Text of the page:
One may not think of Neath Port Talbot if asked about places with interesting historic sites, but the southern Welsh county has a couple of lovely locations that are worth a visit. The Industrial Revolution may have had a significant impact on that part of the United Kingdom, but there are still medieval bits that can delight an eager explorer.
Here are 3 of the best historic sites in Neath Port Talbot.
1. Neath Abbey
The extensive abbey complex was founded in 1130 by the Norman Knight Sir Richard de Granville. It quickly became on of the most prosperous sites of its kind in southern Wales. The abbey was dissolved following King Henry VIII’s break with Rome in the mid 16th century. During the Industrial Revolution some of the buildings were utilised as a copper smelting plant, while the rest was let to wither away. Some parts of the Abbey were buried underneath decades of industrial waste.
These day Neath Abbey is open to all visitors who want to explore the fascinating history of the site.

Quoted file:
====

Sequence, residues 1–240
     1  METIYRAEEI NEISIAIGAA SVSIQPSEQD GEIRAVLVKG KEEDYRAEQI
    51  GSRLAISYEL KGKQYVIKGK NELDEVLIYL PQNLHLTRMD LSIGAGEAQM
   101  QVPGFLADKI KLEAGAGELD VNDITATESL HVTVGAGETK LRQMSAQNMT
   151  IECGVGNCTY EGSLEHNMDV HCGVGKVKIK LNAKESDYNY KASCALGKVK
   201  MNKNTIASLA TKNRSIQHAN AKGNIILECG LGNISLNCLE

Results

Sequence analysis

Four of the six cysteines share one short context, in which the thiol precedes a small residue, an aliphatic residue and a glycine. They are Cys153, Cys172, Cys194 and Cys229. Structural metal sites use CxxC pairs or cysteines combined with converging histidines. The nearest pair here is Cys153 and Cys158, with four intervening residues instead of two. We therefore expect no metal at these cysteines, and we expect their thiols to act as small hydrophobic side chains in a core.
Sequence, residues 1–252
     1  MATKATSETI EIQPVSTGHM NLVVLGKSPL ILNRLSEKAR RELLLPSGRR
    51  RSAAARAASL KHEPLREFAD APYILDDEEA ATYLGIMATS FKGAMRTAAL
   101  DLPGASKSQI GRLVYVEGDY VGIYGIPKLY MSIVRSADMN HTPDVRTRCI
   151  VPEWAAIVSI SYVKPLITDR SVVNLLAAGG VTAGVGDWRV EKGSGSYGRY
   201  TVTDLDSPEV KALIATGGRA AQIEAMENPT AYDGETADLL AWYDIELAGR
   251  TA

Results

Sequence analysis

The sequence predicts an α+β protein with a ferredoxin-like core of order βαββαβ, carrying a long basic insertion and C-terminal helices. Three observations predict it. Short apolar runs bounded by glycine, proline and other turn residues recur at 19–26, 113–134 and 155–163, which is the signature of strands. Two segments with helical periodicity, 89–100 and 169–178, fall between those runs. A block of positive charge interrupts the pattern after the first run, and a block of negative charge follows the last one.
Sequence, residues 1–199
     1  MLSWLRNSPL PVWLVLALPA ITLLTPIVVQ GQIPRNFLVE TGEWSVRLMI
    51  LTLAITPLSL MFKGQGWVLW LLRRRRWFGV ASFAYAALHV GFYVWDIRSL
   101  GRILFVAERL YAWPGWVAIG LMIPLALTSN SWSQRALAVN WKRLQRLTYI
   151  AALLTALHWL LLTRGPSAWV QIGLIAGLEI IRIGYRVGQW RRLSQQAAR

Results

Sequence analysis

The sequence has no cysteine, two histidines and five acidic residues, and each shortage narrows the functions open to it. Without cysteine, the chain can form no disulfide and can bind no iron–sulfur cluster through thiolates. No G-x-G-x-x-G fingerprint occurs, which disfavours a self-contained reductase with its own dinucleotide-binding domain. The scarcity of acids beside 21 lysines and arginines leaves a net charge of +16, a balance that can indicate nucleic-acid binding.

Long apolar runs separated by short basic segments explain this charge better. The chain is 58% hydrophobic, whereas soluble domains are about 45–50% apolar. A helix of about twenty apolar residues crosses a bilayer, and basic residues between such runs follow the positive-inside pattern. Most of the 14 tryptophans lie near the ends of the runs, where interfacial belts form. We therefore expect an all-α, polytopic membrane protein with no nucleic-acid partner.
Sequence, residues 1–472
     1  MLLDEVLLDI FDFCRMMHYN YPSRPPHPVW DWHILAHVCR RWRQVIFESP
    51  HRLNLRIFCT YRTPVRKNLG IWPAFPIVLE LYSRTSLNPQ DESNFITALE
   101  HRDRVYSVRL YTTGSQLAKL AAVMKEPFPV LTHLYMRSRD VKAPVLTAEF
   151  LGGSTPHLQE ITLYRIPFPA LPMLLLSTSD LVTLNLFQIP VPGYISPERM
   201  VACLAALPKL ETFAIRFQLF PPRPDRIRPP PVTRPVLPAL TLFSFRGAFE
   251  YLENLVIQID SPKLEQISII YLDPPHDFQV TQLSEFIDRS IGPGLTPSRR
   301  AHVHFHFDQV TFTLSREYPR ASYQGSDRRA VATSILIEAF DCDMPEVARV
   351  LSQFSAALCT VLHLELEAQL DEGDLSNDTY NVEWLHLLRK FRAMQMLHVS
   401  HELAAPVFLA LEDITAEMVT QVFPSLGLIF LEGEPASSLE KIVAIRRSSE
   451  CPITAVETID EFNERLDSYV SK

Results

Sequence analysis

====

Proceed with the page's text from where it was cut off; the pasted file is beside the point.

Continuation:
2. Neath and Tennant Canal
The Neath and Tennant Canals were constructed in the late 18th century to serve the growing tin works in the area. Both were added to and extended multiple times after this. They replaced a series of earlier canals, some dating to 1695, testament to the long-standing industrial heritage of the region. A Preservation Society formed in 1974 has helped preserve and restore both canals after many years of decline in the 20th century.
3. Margam Country Park
The grounds of Margam Country Park are housing four noteworthy sites: the 12th century Margam Abbey, the Victorian neo-gothic Margam Castle, an English country house and a 18th century orangery. The multiple sites will ensure a day filled with interesting historical discoveries.
The estate, built for the eponymous Talbot family, hosts a whole series of events and activities, from boating on the lake to dinosaur trails, a perfect day out for the whole family.